Why? Because virtual reality-based simulation is a concept interventional radiologists are already familiar with, wrote a team led by Tushar Garg, a medical student at Seth Gordhandas Sunderdas Medical College in Mumbai.
"The technology is better suited for interventional radiology because the image-guided procedures involve viewing video monitors and place the interventional radiologist's hands manipulating instruments at a distance from the actual anatomic site being treated," the group wrote.
Virtual reality systems could help interventional radiologists improve their hand-eye coordination, decision-making, and pretreatment procedure planning, according to Garg and colleagues.
"Immersive environments can be created through panoramic stereoscopic videos, computer-aided design (CAD) modeling, or digital composition via scanning of real environments," they wrote. "[Virtual reality] head-mounted displays can be used to immerse completely in an interventional radiology suite and can be used to [help radiologists] experience basic IR procedures like ultrasonography-guided liver biopsy."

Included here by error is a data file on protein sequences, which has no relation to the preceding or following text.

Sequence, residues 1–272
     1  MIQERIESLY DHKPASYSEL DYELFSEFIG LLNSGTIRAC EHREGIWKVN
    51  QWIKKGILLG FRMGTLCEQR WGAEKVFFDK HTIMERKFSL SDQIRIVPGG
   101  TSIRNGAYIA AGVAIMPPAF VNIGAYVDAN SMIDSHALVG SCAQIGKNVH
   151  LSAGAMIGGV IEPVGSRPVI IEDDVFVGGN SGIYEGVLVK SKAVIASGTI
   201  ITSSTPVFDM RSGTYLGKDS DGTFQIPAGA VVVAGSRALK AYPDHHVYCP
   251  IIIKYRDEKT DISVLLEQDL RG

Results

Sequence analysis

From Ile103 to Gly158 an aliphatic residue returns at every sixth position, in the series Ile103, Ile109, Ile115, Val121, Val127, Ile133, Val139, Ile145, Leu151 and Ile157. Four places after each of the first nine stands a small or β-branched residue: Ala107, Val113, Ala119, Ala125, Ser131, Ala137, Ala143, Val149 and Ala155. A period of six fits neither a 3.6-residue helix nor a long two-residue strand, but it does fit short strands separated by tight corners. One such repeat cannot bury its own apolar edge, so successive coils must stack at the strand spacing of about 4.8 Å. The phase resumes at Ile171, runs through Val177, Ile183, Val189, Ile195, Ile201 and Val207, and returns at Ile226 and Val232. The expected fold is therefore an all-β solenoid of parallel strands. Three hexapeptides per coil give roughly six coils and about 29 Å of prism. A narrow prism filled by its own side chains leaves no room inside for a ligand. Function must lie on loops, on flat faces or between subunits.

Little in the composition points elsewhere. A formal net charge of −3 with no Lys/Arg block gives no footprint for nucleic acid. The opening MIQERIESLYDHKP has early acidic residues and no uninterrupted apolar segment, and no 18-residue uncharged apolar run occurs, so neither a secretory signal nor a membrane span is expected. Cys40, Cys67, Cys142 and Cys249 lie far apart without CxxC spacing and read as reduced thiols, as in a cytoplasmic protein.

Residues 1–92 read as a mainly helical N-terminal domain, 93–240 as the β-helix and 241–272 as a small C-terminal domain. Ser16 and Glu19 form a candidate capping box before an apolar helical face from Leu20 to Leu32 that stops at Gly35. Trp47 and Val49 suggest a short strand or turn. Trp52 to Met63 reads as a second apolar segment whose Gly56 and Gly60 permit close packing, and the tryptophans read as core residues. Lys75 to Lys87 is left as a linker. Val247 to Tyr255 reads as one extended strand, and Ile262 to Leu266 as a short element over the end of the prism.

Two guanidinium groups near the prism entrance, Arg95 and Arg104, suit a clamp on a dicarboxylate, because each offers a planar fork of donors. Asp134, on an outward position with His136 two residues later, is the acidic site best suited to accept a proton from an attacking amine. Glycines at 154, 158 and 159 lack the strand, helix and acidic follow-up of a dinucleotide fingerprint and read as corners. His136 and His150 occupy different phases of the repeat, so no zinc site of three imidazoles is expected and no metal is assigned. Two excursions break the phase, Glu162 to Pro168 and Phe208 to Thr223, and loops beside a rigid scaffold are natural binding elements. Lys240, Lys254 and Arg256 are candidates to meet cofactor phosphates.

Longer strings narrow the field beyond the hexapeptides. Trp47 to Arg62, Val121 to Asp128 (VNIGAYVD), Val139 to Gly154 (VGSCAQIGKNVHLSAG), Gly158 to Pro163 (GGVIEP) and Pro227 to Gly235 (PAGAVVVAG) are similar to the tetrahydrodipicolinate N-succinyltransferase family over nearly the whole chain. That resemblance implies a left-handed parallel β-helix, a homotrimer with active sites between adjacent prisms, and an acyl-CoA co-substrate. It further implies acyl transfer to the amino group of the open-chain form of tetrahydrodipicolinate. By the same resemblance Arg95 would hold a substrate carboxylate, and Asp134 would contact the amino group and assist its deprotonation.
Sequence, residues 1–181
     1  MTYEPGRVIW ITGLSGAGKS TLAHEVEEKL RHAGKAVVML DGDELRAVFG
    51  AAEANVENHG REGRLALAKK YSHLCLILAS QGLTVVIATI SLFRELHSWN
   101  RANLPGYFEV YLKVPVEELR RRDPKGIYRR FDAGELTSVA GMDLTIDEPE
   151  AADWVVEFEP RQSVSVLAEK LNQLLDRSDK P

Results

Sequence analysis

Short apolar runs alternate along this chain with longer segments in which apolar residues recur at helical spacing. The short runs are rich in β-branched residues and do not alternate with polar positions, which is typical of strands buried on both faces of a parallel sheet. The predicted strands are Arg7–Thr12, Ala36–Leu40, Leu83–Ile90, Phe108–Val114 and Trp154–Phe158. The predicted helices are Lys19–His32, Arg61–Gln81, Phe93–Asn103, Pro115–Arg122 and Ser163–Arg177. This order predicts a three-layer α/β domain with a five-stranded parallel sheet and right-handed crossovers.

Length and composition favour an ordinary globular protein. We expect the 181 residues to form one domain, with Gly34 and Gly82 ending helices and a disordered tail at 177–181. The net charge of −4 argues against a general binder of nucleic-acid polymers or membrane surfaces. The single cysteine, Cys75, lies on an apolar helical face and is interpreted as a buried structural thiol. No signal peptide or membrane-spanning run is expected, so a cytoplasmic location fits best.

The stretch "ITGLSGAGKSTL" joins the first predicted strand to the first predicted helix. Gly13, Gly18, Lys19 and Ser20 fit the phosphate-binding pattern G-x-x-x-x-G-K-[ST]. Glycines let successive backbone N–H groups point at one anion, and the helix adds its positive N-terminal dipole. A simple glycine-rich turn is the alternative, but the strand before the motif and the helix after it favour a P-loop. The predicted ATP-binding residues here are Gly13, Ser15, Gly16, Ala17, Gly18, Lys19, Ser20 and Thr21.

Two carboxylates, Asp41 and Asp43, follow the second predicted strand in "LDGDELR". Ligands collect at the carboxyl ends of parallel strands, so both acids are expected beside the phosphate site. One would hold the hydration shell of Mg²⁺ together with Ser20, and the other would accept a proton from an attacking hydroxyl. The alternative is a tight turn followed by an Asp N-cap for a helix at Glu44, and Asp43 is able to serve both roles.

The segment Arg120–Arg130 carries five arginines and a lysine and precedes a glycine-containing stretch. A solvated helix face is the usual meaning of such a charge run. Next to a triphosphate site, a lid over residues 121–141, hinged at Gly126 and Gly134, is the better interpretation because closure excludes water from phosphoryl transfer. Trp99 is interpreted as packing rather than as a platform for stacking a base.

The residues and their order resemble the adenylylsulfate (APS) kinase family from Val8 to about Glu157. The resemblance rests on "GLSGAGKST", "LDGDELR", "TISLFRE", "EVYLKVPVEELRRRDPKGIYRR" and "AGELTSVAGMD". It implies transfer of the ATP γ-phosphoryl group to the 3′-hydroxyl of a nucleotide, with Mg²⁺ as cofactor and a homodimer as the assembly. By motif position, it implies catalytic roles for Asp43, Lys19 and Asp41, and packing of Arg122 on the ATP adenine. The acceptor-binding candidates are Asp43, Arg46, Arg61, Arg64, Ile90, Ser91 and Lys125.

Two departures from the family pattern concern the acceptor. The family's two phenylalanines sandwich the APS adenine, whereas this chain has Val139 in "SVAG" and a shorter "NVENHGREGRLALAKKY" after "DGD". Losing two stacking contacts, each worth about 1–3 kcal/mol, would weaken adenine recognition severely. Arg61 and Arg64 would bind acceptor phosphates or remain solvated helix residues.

There are obstacles to using virtual reality technology in medical imaging, including its cost, Garg and colleagues conceded. But this particular challenge may resolve on its own.
"The clinical utility of VR in student and patient education as well as in perioperative planning is promising," the authors concluded. "Further technical innovations enabling miniaturization of hardware, decreased costs for adoption and greater reliability of registration of images will allow these technologies to redefine procedural planning and patient engagement."
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